Antimicrobial peptides with therapeutic potential from skin secretions of polyploid frogs of the Pipidae family

The emergence of pathogenic bacteria and fungi resistant to commonly used antibiotics poses a serious threat to public health and necessitates novel treatment approaches in order to control infections. Antimicrobial peptides (AMPs) are one of the central components of the system of innate immunity, and due to their non-specific and highly destructive mechanisms of killing, pathogens will develop resistance to AMPs at lower rates than to conventional antibiotics. Skin secretions of frogs from the family Pipidae are a rich source of AMPs which show potential for development into therapeutic agents.

Until recently, the only representatives of the Pipidae family frogs from which skin AMPs had been identified were the diploid frog Silurana tropicalis, the tetraploid frog Xenopus laevis and the octoploid frog Xenopus amieti. Therefore, this program of research was undertaken with the aim to isolate, purify and characterize AMPs with therapeutic potential from skin secretions of other polyploid species of African clawed frogs of the Pipidae family. One additional research line was to evaluate potential use of AMPs as markers to elucidate the taxonomic relationships and evolutionary history of these frog taxa. This research also investigated the effects that polyploidization and interspecies hybridization have had on the biochemical diversity of AMPs in frog skin secretions.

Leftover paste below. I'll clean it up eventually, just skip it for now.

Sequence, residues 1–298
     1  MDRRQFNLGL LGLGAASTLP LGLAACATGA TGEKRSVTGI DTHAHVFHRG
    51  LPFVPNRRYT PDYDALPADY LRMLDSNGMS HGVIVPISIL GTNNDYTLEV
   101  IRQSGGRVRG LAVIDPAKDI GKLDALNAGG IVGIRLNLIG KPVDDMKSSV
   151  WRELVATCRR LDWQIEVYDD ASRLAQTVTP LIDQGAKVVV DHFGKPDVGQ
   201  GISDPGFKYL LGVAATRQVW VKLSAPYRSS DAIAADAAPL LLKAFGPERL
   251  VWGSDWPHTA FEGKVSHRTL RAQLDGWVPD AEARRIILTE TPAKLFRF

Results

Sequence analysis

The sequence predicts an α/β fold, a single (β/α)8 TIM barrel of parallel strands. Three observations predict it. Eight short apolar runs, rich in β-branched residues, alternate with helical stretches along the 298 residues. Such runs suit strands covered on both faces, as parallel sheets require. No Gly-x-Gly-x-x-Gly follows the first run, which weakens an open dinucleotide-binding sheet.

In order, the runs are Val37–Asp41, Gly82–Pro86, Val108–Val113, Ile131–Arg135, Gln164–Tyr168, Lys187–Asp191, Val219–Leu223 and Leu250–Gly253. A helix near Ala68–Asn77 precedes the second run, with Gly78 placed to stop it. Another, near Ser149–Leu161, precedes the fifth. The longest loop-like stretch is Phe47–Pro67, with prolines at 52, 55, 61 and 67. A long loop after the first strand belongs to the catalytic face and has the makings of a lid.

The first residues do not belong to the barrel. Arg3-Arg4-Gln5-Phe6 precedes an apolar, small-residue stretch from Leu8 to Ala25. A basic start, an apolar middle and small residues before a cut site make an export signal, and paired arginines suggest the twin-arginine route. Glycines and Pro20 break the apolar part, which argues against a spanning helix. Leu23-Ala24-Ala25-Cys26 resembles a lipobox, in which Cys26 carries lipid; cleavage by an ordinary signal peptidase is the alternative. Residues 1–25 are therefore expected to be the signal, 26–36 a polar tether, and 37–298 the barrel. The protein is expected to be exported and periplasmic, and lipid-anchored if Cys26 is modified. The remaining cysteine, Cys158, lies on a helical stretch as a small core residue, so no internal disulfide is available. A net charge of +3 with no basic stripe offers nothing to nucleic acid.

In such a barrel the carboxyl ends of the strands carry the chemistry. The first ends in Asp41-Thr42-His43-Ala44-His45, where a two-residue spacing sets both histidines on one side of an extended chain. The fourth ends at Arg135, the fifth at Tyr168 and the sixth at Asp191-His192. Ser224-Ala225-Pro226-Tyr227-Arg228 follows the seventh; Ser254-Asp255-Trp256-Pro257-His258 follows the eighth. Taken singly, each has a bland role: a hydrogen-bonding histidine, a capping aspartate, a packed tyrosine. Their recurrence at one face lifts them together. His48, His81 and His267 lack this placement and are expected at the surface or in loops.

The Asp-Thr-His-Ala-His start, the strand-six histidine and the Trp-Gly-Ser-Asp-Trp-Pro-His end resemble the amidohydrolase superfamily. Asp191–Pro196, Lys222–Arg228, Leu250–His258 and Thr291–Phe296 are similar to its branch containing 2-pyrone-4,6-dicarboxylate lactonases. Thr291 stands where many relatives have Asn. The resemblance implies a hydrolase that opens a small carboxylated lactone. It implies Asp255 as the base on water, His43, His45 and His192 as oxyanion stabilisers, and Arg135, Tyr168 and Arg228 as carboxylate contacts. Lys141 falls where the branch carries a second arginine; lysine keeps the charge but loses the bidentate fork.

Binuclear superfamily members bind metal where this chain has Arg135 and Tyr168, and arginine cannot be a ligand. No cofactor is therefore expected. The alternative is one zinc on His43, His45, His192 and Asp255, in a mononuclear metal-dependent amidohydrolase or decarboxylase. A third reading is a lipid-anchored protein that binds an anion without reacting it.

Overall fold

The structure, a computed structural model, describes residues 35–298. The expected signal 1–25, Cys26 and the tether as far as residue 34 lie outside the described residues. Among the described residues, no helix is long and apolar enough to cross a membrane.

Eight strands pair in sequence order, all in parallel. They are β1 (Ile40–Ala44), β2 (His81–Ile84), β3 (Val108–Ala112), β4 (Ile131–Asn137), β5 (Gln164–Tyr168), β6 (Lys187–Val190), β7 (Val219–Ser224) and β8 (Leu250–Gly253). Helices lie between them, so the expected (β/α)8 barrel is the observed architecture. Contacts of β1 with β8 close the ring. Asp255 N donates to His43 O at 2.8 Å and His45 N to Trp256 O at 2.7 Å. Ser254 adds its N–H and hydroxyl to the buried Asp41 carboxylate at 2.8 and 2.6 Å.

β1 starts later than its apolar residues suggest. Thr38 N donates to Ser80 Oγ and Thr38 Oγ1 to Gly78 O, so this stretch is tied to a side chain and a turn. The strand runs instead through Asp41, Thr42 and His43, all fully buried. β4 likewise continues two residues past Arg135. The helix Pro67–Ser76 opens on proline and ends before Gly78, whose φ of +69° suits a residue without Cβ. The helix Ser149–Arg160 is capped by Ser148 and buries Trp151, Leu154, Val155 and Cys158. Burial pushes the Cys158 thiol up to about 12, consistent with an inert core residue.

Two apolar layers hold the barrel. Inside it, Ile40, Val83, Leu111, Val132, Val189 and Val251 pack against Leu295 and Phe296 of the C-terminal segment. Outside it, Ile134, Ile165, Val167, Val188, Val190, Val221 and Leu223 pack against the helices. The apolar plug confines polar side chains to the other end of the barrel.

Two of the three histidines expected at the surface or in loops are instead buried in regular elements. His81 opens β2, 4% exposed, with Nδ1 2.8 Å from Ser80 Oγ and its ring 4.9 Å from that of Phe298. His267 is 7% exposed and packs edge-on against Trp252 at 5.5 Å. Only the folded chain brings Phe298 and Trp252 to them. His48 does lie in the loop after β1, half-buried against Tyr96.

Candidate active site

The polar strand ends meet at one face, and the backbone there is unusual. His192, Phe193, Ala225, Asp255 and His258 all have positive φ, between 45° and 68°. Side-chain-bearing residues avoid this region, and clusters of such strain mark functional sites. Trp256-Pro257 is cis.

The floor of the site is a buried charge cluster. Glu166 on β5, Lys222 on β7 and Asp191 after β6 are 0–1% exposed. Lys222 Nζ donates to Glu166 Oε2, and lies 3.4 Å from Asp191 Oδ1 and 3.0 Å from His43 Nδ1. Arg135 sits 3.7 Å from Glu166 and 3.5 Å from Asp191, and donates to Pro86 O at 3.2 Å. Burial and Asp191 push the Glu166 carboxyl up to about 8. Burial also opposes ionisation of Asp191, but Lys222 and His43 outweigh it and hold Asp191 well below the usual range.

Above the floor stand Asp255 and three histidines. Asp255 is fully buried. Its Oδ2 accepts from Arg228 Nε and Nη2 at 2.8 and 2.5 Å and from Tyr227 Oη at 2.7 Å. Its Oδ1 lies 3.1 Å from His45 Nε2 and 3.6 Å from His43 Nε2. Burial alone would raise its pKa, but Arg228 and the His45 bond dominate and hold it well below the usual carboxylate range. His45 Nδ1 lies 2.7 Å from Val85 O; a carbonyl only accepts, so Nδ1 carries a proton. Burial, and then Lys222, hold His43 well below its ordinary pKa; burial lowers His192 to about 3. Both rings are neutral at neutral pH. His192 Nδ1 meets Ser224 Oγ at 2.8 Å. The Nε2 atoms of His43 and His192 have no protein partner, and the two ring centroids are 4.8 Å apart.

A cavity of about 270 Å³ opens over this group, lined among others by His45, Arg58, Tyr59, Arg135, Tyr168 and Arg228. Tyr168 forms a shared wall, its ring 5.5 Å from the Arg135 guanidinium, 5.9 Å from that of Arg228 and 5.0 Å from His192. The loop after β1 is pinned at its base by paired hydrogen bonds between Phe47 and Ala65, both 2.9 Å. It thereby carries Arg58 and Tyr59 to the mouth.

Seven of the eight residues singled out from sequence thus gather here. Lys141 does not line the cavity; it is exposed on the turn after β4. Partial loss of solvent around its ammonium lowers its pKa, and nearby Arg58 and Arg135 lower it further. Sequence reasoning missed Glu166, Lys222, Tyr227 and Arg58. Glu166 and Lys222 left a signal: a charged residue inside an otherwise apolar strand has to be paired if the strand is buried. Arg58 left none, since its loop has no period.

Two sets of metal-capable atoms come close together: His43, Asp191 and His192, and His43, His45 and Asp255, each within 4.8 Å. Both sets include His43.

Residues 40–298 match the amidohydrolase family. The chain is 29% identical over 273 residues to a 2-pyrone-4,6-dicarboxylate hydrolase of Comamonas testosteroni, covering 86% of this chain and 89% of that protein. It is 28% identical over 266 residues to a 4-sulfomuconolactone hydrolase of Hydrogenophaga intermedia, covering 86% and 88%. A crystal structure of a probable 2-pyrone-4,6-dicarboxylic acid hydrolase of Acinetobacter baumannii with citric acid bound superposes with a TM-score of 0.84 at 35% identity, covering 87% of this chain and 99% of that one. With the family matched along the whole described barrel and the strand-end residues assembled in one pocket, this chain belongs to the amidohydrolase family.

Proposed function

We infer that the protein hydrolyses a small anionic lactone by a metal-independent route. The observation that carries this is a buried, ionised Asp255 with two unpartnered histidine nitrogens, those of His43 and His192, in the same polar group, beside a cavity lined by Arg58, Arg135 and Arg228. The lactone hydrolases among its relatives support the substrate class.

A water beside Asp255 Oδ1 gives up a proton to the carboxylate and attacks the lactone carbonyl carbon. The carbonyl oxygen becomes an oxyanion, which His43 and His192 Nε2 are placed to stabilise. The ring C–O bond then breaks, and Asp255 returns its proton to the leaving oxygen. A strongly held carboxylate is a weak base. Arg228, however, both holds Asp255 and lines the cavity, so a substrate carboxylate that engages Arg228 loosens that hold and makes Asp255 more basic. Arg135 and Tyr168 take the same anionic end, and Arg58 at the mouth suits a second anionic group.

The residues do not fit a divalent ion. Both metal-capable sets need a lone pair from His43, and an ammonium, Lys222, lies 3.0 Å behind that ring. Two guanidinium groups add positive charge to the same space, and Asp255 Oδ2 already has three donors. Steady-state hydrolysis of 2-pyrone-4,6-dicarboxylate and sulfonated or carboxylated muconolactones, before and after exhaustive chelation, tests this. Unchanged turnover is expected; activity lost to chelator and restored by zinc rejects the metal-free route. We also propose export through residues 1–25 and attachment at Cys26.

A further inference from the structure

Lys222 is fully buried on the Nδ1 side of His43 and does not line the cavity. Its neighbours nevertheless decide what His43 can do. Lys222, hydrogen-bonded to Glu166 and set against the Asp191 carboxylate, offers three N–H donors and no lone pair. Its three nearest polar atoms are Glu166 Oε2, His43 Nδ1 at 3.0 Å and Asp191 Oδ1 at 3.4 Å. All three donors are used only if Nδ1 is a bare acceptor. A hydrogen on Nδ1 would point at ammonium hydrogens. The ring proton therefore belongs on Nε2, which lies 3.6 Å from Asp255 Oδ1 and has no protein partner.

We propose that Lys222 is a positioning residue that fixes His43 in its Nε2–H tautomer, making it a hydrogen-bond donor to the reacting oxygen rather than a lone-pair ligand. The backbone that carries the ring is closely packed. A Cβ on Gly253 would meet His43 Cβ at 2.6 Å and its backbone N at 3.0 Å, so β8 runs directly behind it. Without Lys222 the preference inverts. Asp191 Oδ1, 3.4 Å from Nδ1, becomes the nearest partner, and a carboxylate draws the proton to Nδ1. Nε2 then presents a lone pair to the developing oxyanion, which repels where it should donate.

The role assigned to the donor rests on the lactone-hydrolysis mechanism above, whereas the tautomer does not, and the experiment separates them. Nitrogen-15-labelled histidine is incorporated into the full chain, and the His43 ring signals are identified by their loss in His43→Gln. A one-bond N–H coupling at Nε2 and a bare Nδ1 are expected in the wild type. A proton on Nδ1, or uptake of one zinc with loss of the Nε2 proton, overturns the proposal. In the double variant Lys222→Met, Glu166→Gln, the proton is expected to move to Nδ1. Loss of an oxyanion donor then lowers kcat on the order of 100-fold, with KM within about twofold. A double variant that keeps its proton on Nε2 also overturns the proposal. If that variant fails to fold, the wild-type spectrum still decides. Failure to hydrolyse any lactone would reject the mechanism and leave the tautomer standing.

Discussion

The potential of AMPs from skin secretions of frogs belonging to the Pipidae family has been summarised into three different avenues: 1. promising candidates for development into therapeutic valuable anti-infective agents; 2. reliable taxonomic and phylogenetic markers; and 3. tools to study the fate of duplicated genes in Xenopus and Silurana. Interspecies Xenopus hybrids are here proposed as a suitable model to perform future studies on the mode of inheritance of skin AMPs.

see thesis Milena Mechkarschka (click for link thesis)